top of page
  • slccpreschool

New Baby In Town: The Challenges of Becoming an Older Sibling

Each new school year often welcomes the arrival of students’ new siblings as well. With that, comes the anticipated preparations for social-emotional challenges a child might face both at home and at school as they witness their family structure and dynamics change. These social-emotional challenges are a natural part of a child’s development and create what I like to call “healthy challenges” for parents and educators to work together to best support the child.

Some behavioral changes you may observe as your older child transitions into siblinghood might involve more frequent attention-seeking tantrums, regression to more baby-like play and language, bathroom regression, sleep and meal disturbances, and in some cases, physical or violent behavior. No matter the change or struggle, rest assured, there is always a way through and your child will often outgrow these challenges with the right support. We always encourage parents to notify their child’s teachers in advance so that teachers can help equip a child at school with cathartic and appropriate outlets for redirection, dramatic play, and constructive processing.

I recently worked beside a set of parents to help support their almost-4-year-old with behavioral challenges he had been showing at home since the arrival of his baby brother two months prior. The child began waking in the middle of the night, screaming and demanding that he sleep in his parents’ room because his new baby brother was sleeping with his parents. His frustration, anger, and sadness manifested into a lot of furniture throwing, lamp breaking, and even busting the handle of his bedroom door. Needless to say, no one was getting any sleep in the house. Funny enough, each following morning, the child would easily and calmly discuss with his parents different alternatives to his attention-seeking and angered behavior and was able to empathically express the needs of both his younger brother and parents. Yet, every night, without fail, he would continue to act out.

The challenge this child was facing is not unlike most other preschool-aged children's. This inability to employ rational executive functioning when in an aroused state of emotion is almost impossible for a preschooler. Cognitively, a child at this stage of development will have difficulty communicating with others when they are experiencing a tantrum because their amygdala, the emotion-center of the brain, is basically on fire and unable to communicate across the brain to the prefrontal cortex, where all of our executive decisions and reasoning are made.


Thus, in working with this family, I encouraged them to make a consistent plan to approach discussion prior to the anticipated tantrum. Their new bed-time routine involved discussing with the child alternative, constructive, and soothing options the child could choose to employ when he woke up in the middle of the night. They had their child make the choices (curated by parents) so that the child felt a sense of ownership and agency in the decision. This allowed for a developmentally appropriate shortened amount of time for his reasoning and executive functioning to kick in and have a better chance of steering the brain before the urge to act out kicked in.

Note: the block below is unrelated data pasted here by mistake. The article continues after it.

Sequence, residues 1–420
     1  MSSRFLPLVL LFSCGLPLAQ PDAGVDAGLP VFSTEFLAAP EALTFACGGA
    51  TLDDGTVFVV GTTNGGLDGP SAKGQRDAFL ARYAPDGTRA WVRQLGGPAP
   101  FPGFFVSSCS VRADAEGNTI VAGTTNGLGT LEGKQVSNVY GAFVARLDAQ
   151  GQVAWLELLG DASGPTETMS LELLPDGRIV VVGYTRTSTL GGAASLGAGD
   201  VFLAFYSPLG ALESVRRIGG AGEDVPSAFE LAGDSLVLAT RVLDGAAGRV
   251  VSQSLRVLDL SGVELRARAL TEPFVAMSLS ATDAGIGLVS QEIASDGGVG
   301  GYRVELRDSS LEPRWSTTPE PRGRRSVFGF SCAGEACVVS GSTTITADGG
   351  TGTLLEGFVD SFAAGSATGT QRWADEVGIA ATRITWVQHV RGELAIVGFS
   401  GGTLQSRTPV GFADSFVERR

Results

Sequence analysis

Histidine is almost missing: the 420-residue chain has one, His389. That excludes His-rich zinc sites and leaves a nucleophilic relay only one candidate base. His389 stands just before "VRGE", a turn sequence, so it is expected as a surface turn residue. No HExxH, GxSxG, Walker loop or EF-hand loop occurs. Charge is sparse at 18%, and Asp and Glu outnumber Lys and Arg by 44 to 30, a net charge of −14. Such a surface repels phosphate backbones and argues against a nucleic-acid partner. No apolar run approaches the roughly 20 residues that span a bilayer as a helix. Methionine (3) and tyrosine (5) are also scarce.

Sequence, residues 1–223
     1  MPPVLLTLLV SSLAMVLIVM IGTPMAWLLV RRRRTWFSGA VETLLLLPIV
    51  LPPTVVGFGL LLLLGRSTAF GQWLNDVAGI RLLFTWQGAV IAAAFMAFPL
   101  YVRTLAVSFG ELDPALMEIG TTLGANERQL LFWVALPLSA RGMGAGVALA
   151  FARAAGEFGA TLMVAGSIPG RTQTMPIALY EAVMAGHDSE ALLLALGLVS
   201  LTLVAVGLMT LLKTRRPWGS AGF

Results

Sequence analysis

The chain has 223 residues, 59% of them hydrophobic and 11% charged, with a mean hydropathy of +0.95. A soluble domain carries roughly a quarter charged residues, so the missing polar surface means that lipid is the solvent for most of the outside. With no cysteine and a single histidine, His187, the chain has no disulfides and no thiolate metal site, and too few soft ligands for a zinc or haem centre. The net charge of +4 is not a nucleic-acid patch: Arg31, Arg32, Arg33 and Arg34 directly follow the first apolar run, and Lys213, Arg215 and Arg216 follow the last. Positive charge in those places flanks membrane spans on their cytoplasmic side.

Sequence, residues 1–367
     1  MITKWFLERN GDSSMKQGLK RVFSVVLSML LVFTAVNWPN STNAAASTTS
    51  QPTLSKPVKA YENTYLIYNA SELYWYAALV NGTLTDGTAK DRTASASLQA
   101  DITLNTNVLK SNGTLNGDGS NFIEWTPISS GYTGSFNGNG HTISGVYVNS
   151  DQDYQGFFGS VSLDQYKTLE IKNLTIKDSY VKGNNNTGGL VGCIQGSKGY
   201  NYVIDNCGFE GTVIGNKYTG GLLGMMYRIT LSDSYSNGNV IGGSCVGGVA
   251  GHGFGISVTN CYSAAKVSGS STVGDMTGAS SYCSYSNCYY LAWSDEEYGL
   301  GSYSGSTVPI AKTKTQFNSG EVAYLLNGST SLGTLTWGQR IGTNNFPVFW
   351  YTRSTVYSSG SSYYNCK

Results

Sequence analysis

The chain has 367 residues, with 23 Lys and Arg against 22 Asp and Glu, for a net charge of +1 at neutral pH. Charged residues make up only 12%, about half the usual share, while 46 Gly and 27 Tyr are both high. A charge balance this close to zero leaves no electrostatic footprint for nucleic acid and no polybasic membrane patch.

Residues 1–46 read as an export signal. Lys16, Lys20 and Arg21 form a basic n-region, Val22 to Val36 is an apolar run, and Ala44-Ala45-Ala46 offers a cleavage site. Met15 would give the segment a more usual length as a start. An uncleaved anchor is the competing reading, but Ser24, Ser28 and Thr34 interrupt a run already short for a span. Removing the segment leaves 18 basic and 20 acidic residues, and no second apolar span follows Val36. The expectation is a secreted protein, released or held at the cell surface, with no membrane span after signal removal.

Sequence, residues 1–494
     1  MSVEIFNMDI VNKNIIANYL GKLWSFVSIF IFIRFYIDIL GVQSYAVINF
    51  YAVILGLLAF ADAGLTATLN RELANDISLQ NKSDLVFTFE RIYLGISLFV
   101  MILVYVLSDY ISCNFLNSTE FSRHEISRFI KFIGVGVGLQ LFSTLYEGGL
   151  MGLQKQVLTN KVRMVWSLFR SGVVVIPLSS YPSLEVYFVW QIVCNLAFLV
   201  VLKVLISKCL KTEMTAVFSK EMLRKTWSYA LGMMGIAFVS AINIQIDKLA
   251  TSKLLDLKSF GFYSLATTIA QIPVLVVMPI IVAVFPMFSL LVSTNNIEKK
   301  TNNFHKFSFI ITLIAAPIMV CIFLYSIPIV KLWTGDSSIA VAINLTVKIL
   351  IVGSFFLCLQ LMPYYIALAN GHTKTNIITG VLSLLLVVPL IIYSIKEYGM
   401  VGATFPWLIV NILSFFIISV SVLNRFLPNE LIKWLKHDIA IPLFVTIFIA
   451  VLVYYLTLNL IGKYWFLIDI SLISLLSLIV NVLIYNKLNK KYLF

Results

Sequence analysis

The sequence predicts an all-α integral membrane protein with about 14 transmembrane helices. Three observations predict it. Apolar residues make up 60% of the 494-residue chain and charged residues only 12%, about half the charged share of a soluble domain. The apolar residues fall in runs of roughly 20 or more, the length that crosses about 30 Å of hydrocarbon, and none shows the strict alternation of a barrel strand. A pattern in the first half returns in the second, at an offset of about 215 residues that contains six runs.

Additionally, we encouraged the family to not only incorporate these bed-time chats, but to include some tangible and visual representations of the challenge while having the discussions. Although children by the age of 4-5 have developed a more sophisticated understanding of abstract concepts along with a robust vocabulary, visual and physical tools always help support and ingrain the information with tactile, hands-on support. The child can then begin to see the effect his actions have on those around him. This helps strengthen his theory of mind, his ability to take on others’ perspectives. If employed with story-play, anonymous characters, and puppets, the child will also feel safer to discuss the topic because it’s not being explicitly directed at him. This avoids shame, blame, fear, or guilt - which you never want to use when resolving conflicts with children.

Try telling a picture story of the challenge and invite your child to help draw the story out. You can start by asking the child to dictate the events of the challenge while you draw the event on paper. Make sure to include the facial expressions each character experienced throughout the event. You can then change the expressions to reflect whether or not a conflict was resolved. Leave the picture-story with your child somewhere visible where they can independently revisit it or add to it.

Other helpful visual and tactile tools include saturating your child’s library with books about sibling rivalry, particularly books that help validate what the older sibling is feeling and add baby dolls to your play area. Make one-on-one time with your child and act out the events in anonymous ways using your play-dolls to help encourage alternative solutions. Children learn best through play.


Don’t forget to praise your child the instant you notice a change in behavior or self-corrected redirection. Lastly, it's important to believe that as a family, the needs of every member are extremely valid and important. You are the leaders of your home and your child’s tantrums indicate their lack of awareness of this leadership. Compassionate boundaries and leadership require confidence in knowing that you are steering the ship in order for your child to have an emotionally safe transition into siblinghood, one that he will trust, and soon, come to enjoy.

3 views0 comments


bottom of page